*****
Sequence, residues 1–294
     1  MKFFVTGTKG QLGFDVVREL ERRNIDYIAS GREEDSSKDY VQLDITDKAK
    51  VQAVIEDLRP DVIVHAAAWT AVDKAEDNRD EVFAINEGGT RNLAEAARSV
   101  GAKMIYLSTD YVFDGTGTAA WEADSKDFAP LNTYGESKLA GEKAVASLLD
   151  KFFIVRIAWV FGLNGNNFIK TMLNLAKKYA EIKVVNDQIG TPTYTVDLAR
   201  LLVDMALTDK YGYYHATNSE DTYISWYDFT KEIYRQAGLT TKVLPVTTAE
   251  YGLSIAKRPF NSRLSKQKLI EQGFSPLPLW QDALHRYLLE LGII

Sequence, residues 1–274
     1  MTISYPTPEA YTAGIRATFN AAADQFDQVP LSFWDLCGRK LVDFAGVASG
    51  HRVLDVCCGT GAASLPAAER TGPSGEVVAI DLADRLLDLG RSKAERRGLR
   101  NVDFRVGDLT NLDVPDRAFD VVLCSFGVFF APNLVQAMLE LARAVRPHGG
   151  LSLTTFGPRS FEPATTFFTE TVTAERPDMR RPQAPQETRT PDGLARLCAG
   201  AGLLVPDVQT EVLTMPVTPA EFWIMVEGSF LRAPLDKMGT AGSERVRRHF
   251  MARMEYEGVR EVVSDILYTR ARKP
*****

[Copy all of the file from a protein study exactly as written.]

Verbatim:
Sequence, residues 1–294
     1  MKFFVTGTKG QLGFDVVREL ERRNIDYIAS GREEDSSKDY VQLDITDKAK
    51  VQAVIEDLRP DVIVHAAAWT AVDKAEDNRD EVFAINEGGT RNLAEAARSV
   101  GAKMIYLSTD YVFDGTGTAA WEADSKDFAP LNTYGESKLA GEKAVASLLD
   151  KFFIVRIAWV FGLNGNNFIK TMLNLAKKYA EIKVVNDQIG TPTYTVDLAR
   201  LLVDMALTDK YGYYHATNSE DTYISWYDFT KEIYRQAGLT TKVLPVTTAE
   251  YGLSIAKRPF NSRLSKQKLI EQGFSPLPLW QDALHRYLLE LGII

Sequence, residues 1–274
     1  MTISYPTPEA YTAGIRATFN AAADQFDQVP LSFWDLCGRK LVDFAGVASG
    51  HRVLDVCCGT GAASLPAAER TGPSGEVVAI DLADRLLDLG RSKAERRGLR
   101  NVDFRVGDLT NLDVPDRAFD VVLCSFGVFF APNLVQAMLE LARAVRPHGG
   151  LSLTTFGPRS FEPATTFFTE TVTAERPDMR RPQAPQETRT PDGLARLCAG
   201  AGLLVPDVQT EVLTMPVTPA EFWIMVEGSF LRAPLDKMGT AGSERVRRHF
   251  MARMEYEGVR EVVSDILYTR ARKP